Investigation of seasonal patterns of congenital anomalies (CAs) can help identify environmental risk factors. Smaller datasets and spatiotemporal variation in previous studies have lead to conflicting evidence. The aim of our study was to investigate previously described associations and to generate new hypotheses on the role of seasonal factors in the etiology of CAs using a large high quality European dataset.
The European Surveillance for Congenital Anomalies (EUROCAT) is a European network of standardized population-based registries for the surveillance of CAs. A 2000–2009 dataset involving 19 EUROCAT registries and over 63,000 CAs was utilized to investigate seasonal patterns. Analysis of EUROCAT defined CAs was performed in two steps; first on CAs previously associated with seasonal factors and second on all remaining CAs. CAs and monthly births were calculated back to month of last menstrual period after which trigonometric regression analysis was performed to explore seasonal trends in CA prevalence.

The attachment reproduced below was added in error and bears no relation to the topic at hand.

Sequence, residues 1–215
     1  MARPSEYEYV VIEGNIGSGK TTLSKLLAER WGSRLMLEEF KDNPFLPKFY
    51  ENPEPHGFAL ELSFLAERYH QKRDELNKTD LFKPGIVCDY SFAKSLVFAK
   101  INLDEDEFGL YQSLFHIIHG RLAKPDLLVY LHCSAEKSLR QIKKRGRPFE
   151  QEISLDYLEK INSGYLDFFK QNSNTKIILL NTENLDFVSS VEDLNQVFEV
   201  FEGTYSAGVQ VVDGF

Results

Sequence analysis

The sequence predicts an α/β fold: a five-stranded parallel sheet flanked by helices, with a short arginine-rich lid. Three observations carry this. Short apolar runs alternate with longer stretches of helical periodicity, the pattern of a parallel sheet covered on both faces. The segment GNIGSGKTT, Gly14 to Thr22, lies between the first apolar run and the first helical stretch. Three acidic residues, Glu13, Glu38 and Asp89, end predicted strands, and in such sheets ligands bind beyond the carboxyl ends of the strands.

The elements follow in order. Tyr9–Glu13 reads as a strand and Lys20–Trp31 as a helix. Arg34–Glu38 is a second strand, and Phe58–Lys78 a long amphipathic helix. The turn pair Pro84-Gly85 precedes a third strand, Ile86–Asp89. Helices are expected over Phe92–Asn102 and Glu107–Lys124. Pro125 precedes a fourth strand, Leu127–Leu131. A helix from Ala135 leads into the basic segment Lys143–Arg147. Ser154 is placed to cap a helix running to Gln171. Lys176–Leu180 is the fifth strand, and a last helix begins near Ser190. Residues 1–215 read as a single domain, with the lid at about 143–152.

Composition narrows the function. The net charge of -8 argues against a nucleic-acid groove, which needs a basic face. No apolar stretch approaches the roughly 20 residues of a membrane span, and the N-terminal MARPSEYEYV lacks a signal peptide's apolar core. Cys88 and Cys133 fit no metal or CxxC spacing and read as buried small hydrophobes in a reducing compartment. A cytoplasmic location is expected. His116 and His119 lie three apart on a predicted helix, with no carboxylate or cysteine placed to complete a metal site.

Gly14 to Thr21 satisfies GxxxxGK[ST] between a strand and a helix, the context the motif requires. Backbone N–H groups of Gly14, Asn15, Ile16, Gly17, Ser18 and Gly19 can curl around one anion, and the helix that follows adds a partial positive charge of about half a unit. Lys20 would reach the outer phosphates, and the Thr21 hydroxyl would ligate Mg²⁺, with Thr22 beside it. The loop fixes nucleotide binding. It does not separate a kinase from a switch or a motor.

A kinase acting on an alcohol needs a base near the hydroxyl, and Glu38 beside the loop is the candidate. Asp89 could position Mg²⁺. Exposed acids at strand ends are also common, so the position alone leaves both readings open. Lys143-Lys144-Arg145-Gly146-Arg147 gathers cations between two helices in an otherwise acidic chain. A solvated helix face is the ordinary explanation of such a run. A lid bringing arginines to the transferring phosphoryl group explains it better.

Our dataset confirmed seasonality for Ebstein’s anomaly (p<0.05), triscuspid atresia and stenosis (p<0.05), congenital hydronephrosis (p<0.001) and hip dislocation (p<0.001) and a new signal was generated for seasonality of situs inversus (p<0.001). We detected non-significant seasonal peaks for neural tube defects (p=0.0683) and spina bifida (p=0.0507) coinciding with influenza season. We were not able to detect seasonality for any other CAs. We were unable to confirm the associations between neural tube defects, some other anomalies and influenza.
The associations detected and the negative results provided can help future studies unravelling the etiology of CAs.
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